Misleading price ‘discounts’: When advertising techniques become an offence

Sale Hand

It’s normal for businesses to want to make their prices as enticing as possible. At what point does advertising cross the line and become misleading, or even an outright lie?

The Commerce Commission recently filed charges in court against Strandbags for misleading ‘discounts’ and sales practices. Strandbags is an Australasian-wide retailer of handbags, wallets, luggage, backpacks and business bags. It has 28 stores in New Zealand.

The Commission alleges that Strandbags routinely advertised products as being on ‘sale’ or ‘discounted’ in a way that was likely to mislead. For example:
• was/now pricing, eg “was $289 NOW $144.50
• strikethrough pricing, where a higher price was struck out and replaced with a lower one, eg “$349.00 $174.00
• percentage discount claims, eg “40% OFF
• savings amount claims, eg “Save $50”.

What’s the problem with that?

The Commission alleges that in many cases the ‘original’ price was artificially inflated so that the ‘discounted’ price looked like a significant saving. Some products were never sold at the higher price, while others were on ‘sale’ for so long that the price could no longer honestly be called a ‘sale’.

Essentially, these ‘sale’ prices created the impression that the prices offered were significantly discounted when products were in fact being sold at their usual price or nearer to their usual price than consumers would believe.

The rule of thumb is that you need to be able to back up your claims. If a business advertises a discounted price they need to be able to show that the higher price is truly the standard price at which they usually sell the goods or services.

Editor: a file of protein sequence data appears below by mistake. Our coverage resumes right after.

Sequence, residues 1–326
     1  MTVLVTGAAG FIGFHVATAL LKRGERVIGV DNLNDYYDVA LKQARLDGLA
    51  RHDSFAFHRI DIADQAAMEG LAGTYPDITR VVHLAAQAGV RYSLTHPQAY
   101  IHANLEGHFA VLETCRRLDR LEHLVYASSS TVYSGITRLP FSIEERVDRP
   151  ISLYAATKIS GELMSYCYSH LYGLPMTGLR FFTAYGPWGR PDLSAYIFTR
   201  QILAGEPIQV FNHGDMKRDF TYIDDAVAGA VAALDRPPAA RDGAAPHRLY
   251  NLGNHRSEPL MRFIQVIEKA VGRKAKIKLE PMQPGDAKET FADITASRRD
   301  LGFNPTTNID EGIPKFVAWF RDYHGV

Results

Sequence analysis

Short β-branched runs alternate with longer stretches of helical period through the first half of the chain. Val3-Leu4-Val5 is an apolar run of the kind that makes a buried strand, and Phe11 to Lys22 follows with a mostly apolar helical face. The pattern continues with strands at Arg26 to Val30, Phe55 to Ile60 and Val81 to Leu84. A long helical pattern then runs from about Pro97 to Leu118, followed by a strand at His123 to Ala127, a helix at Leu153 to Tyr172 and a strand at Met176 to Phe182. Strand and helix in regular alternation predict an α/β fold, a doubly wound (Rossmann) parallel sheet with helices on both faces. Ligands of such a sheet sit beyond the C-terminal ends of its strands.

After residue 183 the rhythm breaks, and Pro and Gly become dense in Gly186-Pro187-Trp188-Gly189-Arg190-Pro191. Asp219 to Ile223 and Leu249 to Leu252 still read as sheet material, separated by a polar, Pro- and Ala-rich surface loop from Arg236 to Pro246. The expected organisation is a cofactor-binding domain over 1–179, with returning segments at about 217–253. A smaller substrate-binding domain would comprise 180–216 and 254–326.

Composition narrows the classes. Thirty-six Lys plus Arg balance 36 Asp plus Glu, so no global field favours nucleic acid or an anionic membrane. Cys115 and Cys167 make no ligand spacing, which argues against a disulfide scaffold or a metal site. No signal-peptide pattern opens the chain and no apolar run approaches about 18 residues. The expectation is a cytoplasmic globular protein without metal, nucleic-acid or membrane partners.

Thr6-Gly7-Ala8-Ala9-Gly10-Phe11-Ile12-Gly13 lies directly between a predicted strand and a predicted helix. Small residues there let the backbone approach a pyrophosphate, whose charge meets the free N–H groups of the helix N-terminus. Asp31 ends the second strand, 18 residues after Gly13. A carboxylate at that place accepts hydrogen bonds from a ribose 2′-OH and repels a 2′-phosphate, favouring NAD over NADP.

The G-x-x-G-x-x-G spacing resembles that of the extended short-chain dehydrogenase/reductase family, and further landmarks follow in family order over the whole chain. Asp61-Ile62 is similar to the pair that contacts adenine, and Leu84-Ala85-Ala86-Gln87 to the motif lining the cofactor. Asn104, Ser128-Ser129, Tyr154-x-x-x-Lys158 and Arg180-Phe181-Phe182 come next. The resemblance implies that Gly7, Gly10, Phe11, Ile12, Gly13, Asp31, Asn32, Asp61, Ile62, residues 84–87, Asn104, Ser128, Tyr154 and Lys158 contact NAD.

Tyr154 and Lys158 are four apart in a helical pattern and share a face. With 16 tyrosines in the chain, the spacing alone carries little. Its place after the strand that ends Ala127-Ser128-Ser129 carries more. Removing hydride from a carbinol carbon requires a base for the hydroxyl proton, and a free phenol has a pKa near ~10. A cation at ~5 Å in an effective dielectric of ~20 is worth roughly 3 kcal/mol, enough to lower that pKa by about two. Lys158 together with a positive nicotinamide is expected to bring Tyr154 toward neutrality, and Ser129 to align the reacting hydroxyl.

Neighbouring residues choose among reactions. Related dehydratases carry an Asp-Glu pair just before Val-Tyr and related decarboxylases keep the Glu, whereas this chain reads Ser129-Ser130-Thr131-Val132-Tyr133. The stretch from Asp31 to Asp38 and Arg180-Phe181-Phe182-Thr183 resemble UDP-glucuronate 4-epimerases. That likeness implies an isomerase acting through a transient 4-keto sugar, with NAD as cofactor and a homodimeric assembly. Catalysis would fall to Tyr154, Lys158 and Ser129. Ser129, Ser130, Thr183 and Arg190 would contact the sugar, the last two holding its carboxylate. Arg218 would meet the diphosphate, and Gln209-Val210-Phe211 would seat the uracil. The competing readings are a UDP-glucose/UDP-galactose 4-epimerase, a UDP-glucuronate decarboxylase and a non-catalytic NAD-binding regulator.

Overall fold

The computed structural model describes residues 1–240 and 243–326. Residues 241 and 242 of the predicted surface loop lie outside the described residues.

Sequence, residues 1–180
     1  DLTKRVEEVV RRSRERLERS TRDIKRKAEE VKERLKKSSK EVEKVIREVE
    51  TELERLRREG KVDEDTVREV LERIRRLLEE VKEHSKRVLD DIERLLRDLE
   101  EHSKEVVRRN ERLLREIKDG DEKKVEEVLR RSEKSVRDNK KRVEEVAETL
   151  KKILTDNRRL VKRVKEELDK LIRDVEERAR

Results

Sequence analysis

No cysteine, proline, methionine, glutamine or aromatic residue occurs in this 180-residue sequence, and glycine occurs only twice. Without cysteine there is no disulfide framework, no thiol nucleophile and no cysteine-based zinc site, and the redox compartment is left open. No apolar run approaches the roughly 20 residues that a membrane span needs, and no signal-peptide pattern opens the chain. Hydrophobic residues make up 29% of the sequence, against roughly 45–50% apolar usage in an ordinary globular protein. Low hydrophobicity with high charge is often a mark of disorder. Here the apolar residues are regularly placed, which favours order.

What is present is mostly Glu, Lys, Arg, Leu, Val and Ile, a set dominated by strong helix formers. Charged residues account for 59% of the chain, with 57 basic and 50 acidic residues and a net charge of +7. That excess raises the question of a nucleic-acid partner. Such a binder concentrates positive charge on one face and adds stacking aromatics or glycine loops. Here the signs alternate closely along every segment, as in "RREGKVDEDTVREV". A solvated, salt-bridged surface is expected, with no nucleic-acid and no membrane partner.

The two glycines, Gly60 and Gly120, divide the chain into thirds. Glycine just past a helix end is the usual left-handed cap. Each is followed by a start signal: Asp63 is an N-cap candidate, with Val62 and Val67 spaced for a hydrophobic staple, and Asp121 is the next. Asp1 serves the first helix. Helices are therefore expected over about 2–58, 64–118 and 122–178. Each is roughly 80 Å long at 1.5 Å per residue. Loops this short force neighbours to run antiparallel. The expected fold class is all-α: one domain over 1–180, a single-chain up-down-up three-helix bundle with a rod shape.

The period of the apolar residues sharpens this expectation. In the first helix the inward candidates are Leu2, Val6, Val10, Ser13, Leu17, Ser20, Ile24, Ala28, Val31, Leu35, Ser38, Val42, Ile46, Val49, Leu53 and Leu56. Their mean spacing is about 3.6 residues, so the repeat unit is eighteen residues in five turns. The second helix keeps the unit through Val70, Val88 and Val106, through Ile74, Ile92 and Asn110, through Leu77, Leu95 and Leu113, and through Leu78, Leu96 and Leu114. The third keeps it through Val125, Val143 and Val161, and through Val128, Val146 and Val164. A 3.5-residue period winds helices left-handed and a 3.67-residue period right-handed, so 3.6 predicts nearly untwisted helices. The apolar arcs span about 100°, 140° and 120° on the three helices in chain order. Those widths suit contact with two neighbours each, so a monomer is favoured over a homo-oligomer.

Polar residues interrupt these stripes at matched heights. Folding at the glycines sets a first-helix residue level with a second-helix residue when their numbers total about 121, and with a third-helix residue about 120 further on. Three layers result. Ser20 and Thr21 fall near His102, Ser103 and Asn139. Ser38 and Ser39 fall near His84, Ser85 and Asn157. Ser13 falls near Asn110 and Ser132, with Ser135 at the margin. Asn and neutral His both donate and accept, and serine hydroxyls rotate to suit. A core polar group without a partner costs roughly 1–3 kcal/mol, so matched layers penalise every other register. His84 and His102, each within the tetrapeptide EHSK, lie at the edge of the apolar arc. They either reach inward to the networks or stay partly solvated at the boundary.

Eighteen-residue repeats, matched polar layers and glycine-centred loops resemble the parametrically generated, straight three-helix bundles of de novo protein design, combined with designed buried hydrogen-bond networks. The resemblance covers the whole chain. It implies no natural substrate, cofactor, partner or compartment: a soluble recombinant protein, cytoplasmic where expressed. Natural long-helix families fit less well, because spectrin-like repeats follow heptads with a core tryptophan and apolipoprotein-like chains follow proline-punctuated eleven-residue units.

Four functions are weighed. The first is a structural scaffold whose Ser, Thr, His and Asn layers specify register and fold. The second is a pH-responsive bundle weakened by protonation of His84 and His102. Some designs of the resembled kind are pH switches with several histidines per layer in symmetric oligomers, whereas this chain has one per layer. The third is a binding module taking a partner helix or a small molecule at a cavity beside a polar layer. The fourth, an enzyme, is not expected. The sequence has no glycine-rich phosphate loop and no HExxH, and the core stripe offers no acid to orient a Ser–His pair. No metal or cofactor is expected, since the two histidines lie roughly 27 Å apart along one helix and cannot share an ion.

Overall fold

The Fair Trading Act 1986 prohibits conduct in trade (essentially in business) which misleads or deceives, or is likely to mislead or deceive, the public. Engaging in such conduct is an offence. The Commerce Commission has filed seven charges against Strandbags. Each one carries a fine of up to $600,000. The matter is now before the court.

When else has this been as issue?

In May 2017 the Commission issued an open letter to retailers about misleading pricing.

In 2017, Bike Barn was fined $800,000 for misleading pricing. Bike Barn used exaggerated discounting strategies that gave the impression to customers that they were purchasing bikes at significant mark-downs from the normal retail price – typically 50% off. It also advertised clearance specials that created an impression that the discounts were available for a limited time only. Neither was true.

In 2018, online mobile phone store Buy Mobile was warned by the Commerce Commission over its price discount claims. It also advertised discounts without a reasonable basis for the advertised ‘savings’. For example, Buy Mobile advertised a $930 discount on a Samsung Galaxy S5 selling for $339.90, but could not identity anywhere that sold it at the ‘full price’ Buy Mobile was asserting.

In October 2020, PAK’nSAVE Mangere was fined $78,000 for pricing discrepancies. Kennedy’s Foodcentre (2003) Limited trading as PAK’nSAVE Mangere charged customers more at the till than the prices advertised for goods. This happened numerous times and the District Court Judge found the conduct was repeatedly careless and not immediately rectified.

Top Tips
• Ensure discounts are taken off the usual selling price.
• Don’t use fine print to hide important information like extra charges.
• A ‘sale’ should be a brief and limited opportunity to buy at a reduced price.
• 'Clearance’ sales are only for clearing goods.
• Don’t exaggerate savings or the range of goods available at a discounted price.
• Be careful with claims like “lowest” and “cheapest” prices, unless you've done extensive research and know you have the lowest price.

Need more info?
Commerce Commission’s Tip Sheet for Promotions
Commerce Commission’s Guidance on Pricing

If you need advice on Consumer Law or the Fair Trading Act contact our Business and Commercial Law Team.

Author: Rochelle Farmer